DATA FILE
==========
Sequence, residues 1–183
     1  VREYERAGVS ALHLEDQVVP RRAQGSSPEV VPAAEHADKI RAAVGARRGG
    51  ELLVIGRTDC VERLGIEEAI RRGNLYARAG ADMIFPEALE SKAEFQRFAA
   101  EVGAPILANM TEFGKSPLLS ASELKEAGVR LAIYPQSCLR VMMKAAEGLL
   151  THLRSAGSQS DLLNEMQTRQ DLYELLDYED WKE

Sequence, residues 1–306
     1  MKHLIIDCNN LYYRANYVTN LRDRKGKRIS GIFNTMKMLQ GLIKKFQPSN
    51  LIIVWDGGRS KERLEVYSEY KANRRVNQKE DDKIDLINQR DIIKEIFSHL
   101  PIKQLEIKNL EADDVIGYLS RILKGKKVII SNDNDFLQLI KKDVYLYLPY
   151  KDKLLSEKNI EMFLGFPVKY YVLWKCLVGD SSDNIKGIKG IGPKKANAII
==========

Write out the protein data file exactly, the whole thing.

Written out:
Sequence, residues 1–183
     1  VREYERAGVS ALHLEDQVVP RRAQGSSPEV VPAAEHADKI RAAVGARRGG
    51  ELLVIGRTDC VERLGIEEAI RRGNLYARAG ADMIFPEALE SKAEFQRFAA
   101  EVGAPILANM TEFGKSPLLS ASELKEAGVR LAIYPQSCLR VMMKAAEGLL
   151  THLRSAGSQS DLLNEMQTRQ DLYELLDYED WKE

Sequence, residues 1–306
     1  MKHLIIDCNN LYYRANYVTN LRDRKGKRIS GIFNTMKMLQ GLIKKFQPSN
    51  LIIVWDGGRS KERLEVYSEY KANRRVNQKE DDKIDLINQR DIIKEIFSHL
   101  PIKQLEIKNL EADDVIGYLS RILKGKKVII SNDNDFLQLI KKDVYLYLPY
   151  KDKLLSEKNI EMFLGFPVKY YVLWKCLVGD SSDNIKGIKG IGPKKANAII